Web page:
That's why Concklin is spearheading installations of 40 new RainWise AgroMET weather stations statewide. These small but powerful stations will stream realtime pest forecasts to local farmers via the internet, thanks to NEWA, the Network for Environment and Weather Applications with 250 small yet sophisticated weather stations in a network spanning Pennsylvania to Vermont. NEWA's forecasts provide a heads-up on which pests are on the move and take whether they're likely to cause harm.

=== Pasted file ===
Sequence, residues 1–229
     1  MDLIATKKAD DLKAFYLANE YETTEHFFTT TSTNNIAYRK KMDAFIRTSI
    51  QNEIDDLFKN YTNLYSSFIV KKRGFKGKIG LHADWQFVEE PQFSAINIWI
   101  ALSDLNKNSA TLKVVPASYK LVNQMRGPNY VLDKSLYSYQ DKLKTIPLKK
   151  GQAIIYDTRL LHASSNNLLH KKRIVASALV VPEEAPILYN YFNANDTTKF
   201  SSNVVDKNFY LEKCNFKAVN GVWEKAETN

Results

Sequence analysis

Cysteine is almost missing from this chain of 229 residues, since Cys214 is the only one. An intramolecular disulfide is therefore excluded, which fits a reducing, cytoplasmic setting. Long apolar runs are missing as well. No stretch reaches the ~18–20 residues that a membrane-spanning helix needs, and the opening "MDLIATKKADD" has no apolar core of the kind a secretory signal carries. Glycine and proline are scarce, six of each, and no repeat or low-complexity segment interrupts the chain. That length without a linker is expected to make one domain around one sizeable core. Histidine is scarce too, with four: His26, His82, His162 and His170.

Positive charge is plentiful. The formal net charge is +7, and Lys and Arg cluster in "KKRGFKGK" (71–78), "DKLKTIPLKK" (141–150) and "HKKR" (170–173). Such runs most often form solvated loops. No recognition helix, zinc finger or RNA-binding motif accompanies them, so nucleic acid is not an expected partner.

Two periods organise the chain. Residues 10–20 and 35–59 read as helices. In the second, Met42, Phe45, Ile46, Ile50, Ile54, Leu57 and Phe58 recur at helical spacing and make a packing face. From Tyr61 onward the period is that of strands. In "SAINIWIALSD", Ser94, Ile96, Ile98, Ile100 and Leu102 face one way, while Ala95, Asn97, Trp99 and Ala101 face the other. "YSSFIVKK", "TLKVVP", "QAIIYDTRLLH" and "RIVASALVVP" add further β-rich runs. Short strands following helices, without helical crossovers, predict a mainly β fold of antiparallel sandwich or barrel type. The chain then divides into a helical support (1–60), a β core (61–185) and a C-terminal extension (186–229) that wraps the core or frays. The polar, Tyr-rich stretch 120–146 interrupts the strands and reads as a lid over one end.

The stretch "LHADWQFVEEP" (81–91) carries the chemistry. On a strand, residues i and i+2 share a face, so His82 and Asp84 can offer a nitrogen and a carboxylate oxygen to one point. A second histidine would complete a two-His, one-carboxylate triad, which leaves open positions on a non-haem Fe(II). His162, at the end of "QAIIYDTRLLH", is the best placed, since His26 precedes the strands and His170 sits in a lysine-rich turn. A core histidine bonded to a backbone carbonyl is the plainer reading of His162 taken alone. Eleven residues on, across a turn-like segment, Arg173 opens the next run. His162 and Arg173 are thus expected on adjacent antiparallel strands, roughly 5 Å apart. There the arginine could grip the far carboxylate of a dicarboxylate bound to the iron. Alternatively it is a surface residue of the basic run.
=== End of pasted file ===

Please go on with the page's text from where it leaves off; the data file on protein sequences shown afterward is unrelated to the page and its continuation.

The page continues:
After all, spraying for a pest that isn't there doesn't do much for a farmer's bottom line, let alone the environment. Based at Cornell University in New York, NEWA pest forecasts are free to the public.

Connecticut's buy-in breaks new ground for NEWA. Sixteen of those 40 stations are county-based and will be largely used by turfgrass, grounds, and school IPM programs.

"These are new audiences for NEWA," says Julie Carroll, a Cornell University fruit IPM specialist with the New York State IPM Program and a driving force behind NEWA's growth. "Connecticut's participation provides an exceptional opportunity to develop models for these industries."

Visit NEWA and learn more at newa.cornell.edu.

Contact: Mary Concklin at 860-486-6449 mary.concklin@uconn.edu or Juliet Carroll at 315-787-2430 jec3@cornell.edu.